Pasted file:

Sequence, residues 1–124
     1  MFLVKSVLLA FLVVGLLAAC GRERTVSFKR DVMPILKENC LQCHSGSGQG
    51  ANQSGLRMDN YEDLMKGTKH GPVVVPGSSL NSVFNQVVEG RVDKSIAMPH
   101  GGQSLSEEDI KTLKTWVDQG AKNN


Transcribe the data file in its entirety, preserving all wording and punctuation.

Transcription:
Sequence, residues 1–124
     1  MFLVKSVLLA FLVVGLLAAC GRERTVSFKR DVMPILKENC LQCHSGSGQG
    51  ANQSGLRMDN YEDLMKGTKH GPVVVPGSSL NSVFNQVVEG RVDKSIAMPH
   101  GGQSLSEEDI KTLKTWVDQG AKNN